So just as we now have all these supposed citizen-journalists running around just waiting to entrap an unwary politician with a hidden recording or a cell phone photo, we also have an untold number of bloggers regularly churning out news and opinion of widely divergent quality and accuracy.

As a result, we’re got more information than ever before, but it’s also less reliable than ever before. Equally troubling is the way blogs, both left and right, become these weird little outposts of vigilantism.

The most recent example can be found on the liberal Daily Kos, which is all a-twitter about the Obama “New Yorker” cover, with people saying it should be stopped, urging folks to cancel their subscriptions, etc., etc. I mean, hey, wait a minute. What about the First Amendment? And what about the fact that this is a magazine cover that will be on the stand for one week. It’s really no big deal.

And then there’s the viciousness of the comments. Maybe it has something to do with the power to say anything, under the cloak of anonymity, that causes people to say all kinds of really mean and stupid things. I think the low point for me personally came last week, when a person likened the comments section of my blog to a “message board version of Jerry Springer” — a television show that has absolutely no redeeming value.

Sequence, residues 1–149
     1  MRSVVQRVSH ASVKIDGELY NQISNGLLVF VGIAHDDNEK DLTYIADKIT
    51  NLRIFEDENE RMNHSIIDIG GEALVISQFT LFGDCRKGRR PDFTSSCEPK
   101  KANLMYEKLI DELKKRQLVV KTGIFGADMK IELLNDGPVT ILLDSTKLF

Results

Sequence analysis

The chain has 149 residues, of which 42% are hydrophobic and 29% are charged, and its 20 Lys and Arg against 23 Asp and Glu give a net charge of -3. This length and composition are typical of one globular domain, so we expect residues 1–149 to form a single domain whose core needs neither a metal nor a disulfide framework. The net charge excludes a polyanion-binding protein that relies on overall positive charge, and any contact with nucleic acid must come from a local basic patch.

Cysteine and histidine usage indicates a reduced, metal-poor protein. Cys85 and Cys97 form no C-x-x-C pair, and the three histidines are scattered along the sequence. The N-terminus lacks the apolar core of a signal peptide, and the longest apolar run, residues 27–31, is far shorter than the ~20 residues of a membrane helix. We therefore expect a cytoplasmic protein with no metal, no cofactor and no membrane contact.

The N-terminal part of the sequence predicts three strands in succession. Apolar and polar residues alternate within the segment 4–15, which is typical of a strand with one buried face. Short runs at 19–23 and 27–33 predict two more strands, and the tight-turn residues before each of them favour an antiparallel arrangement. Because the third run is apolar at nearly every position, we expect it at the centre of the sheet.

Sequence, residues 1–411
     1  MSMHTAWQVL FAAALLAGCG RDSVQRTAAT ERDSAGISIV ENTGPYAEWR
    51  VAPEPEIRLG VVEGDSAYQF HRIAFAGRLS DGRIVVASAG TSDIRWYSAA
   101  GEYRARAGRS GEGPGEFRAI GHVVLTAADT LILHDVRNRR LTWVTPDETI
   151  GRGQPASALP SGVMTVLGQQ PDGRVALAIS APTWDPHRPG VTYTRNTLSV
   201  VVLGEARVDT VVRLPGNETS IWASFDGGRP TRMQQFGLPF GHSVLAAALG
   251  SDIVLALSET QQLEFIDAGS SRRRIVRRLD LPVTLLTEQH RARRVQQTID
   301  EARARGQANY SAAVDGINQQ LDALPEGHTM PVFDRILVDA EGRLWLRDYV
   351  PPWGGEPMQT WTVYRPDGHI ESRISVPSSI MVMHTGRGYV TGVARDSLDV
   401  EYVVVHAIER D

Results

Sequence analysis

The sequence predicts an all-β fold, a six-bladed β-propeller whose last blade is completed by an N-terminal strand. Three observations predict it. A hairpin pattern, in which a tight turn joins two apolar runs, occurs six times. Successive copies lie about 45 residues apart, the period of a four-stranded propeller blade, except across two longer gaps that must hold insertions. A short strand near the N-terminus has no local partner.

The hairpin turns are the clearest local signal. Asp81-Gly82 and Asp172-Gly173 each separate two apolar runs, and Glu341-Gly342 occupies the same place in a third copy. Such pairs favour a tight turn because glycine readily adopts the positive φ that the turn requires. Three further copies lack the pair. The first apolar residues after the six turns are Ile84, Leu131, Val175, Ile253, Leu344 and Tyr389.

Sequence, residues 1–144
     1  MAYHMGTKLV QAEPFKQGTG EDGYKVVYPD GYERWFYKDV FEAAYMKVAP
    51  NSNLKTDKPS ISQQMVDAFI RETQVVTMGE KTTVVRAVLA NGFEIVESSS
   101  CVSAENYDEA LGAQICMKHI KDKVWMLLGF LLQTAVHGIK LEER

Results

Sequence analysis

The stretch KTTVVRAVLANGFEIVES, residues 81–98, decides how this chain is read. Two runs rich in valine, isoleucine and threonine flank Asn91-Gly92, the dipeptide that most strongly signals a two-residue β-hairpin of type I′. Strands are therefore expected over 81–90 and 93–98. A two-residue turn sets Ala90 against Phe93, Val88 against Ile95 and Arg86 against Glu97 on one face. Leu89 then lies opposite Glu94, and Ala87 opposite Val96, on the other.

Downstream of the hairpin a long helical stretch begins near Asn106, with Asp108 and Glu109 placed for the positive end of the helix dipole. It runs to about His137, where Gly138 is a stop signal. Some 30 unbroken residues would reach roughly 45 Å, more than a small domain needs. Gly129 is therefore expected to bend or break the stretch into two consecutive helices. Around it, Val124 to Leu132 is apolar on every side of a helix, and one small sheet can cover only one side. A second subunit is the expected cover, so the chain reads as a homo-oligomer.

I must admit, that set me back a bit and got me thinking more about what kind of message I want to be putting out, and why it is that people respond the way they do. Words are such powerful things, and they're spewed about these days with so little thought as to their consequences. It’s a strange little medium, blogging. I can’t help but wonder if we’re creating a monster.


Anonymous said...

Actually, it's Doug Carlson who does the Say Yes to the Honolulu Rail System blog. Doug White does Poinography.

Joan Conrow said...

Correction noted, Charley.

Katy said...

I generally agree that there has been a cheapening of the concept of journalism, and not just by bloggers but by the whole superstructure of corporate media.

I would never call myself a journalist because, well, I'm not one!

But I think we have to remember that although the internet has rapidly expanded the number of people with access to a "press," underground information sharing has always existed and been administered by the "untrained" rabble. I'm thinking right now about the newspapers put out by the young women who were working and organizing in the mills of Lowell, Massachusetts long ago, and other efforts.

I absolutely value rigorous journalism, but I also absolutely value the unchained expression of multiple voices in an anarchist smorgasbord of free speech.

It's easy to worry that readers will mistake wild suppositions ungrounded in fact for solid information. (After all - the New York Times printed the Judith Miller stories!) But at some point we have to trust people's powers of discernment and acknowledge that those who believe anything are always just going to believe anything.

Anonymous said...